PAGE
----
The Manchester United Holy Trinity statue is a feature of the Old Trafford landscape. For a club increasingly burdened with unfamiliar comparisons to their past, while more are always being born, the specter of an unholy trilogy looms. Forget Best, Lou, and Charlton, this portends fall to be among their worst.
Sunday brings a third meeting with the title contenders, and their presumed counterparts, and the first two encounters amount to humiliation. United started at Stamford Bridge 12 points behind Chelsea and after conceding more than five times the number of goals. Liverpool scored five goals, and Manchester City only two, but neither of them bothered to increase their tally in the last forty minutes as they seemed to announce against the defeated rival. As Michael Carrick admitted, a gap opened. If there is a gap between the best and the rest, United are on the wrong side of it.
“There is no denying where the league is, so I have to be realistic,” said the interim manager. “It is very clear from the series of matches. Where we are and the results we have obtained, it is frustrating and disappointing.”
Carrick used to bring calculated style into midfield. It was quite natural that he was looking forward to adding perspective. “It wasn’t too long ago that we were second and we were on a really good curve of improvement and I don’t think that can be forgotten,” he said. “It’s very different to have a string of poor results to be a poor team.”
If the evidence of Ole Gunnar Solskjaer’s fraught last few weeks is United’s meeting with that description, the squad full of potential offers room for improvement under Ralf Rangnick, when he takes over in interim responsibility. His legacy is certainly mixed but there are rewards for coaches who are able to reimagine and renew a poorly performing group and for players motivated by the uncertainty of change.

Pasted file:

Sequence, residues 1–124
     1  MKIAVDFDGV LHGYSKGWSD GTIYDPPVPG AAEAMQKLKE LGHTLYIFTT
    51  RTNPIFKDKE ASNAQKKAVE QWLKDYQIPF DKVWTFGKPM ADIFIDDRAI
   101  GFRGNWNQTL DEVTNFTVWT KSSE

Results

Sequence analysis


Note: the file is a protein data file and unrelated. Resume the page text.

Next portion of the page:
“Whenever anyone has a new manager in any area of life, there is a feeling: ‘What next?'” said Carrick, who has played for four managers and is a temporary observer for United. “You can’t hide from it. But people react in different ways: sometimes it gives them freshness and vitality to go and be their best and perform better.”
Combine a sense of untapped potential and a skydiving precedent in a mid-season German evangelist, and that might bode well. Frank Lampard’s reign began with a 4-0 defeat at Old Trafford and ended Solskjaer’s lead with United and ninth Chelsea. Thomas Tuchel started by going 14 matches unbeaten; Within a few months, Chelsea was the European champion.
Rangnick, Tuchel’s mentor, might hope to emulate one of his followers. Chelsea’s road to glory was paved with the clean sheets that were once a porous defence. Carrick oversaw United’s third closing in 26 games on his managerial arc against Villarreal. He is certainly not willing to write off this campaign.
“There is a lot left in the season,” he said. “Sometimes you have really bad periods in one season, and you can have another season roughly within one season when things change.”
Alex Ferguson won 13 league titles with United by maintaining excellence over a long period, and Carrick said: “Seeking consistency is always the balance you want. That is the gold standard.”
Season-long consistency has eluded Solskjaer, but his union can veer from famine to feast, sometimes without warning. They won 14 of his first 17 games provisionally, were unbeaten in 19 when spurred by the arrival of Bruno Fernandes and then lost once in 28 league games last season.
“Who says this group of players can never run again?” Carrick asked. “They have proven over the past two or three years that they are more than capable. You have to take it step by step, start winning games, running, building momentum. Anything can happen after that.” As Chelsea can attest.